The present invention also provides a method of reducing backlogged requests at a CPE using a Service Status Table. The headend maintains a table which includes a reference to service flows and the level of activity of each service flow. If the level of activity at transmission resources shared by the CPEs falls below a threshold, the headend determines from the level of activity of each service flow one service flow which is most likely to have a backlogged request. The headend transmits a signal to the CPEs identifying the selected service flow, and the CPE managing the selected service flow transmits the backlogged request. The method provides increased utilization of the shared transmission resources. By using the previous contention period load when calculating the random offset, the CPE need not wait unnecessarily long before attempting to re-send a request to the headend. Furthermore, the headend can use the table to send unicast-type Request IEs to particular CPEs during periods of low activity of the shared transmission resources.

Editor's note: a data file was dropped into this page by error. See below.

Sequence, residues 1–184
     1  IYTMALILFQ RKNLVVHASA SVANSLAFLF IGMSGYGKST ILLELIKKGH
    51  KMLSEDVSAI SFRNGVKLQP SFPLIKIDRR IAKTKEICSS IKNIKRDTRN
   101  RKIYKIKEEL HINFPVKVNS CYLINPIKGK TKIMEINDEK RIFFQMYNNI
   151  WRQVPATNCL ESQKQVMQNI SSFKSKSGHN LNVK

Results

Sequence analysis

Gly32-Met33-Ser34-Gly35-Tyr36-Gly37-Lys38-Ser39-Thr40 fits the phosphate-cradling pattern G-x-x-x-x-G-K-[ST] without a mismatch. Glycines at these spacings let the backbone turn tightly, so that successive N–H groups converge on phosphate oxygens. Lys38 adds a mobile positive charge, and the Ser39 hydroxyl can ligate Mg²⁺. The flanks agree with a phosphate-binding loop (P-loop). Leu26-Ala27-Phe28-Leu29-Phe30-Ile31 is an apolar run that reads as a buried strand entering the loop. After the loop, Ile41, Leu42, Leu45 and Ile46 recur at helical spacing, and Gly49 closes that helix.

Other aspects and features of the present invention will become apparent to those ordinarily skilled in the art upon review of the following description of specific embodiments of the invention in conjunction with the accompanying figures. BRIEF DESCRIPTION OF THE DRAWINGS The invention will now be described in greater detail with reference to the accompanying diagrams, in which: FIG. 1 is a block diagram illustrating a portion of a fixed wireless access communication system which implements the invention; FIG. 2 is a diagram of the structure of a modified DOCSIS 1.1 MAP message; and FIG. 3 is a flow chart showing the contention resolution method of the invention. DETAILED DESCRIPTION OF THE PREFERRED EMBODIMENTS Referring to FIG.

Abcr-stc: An Improved Adaptive Backoff Algorithms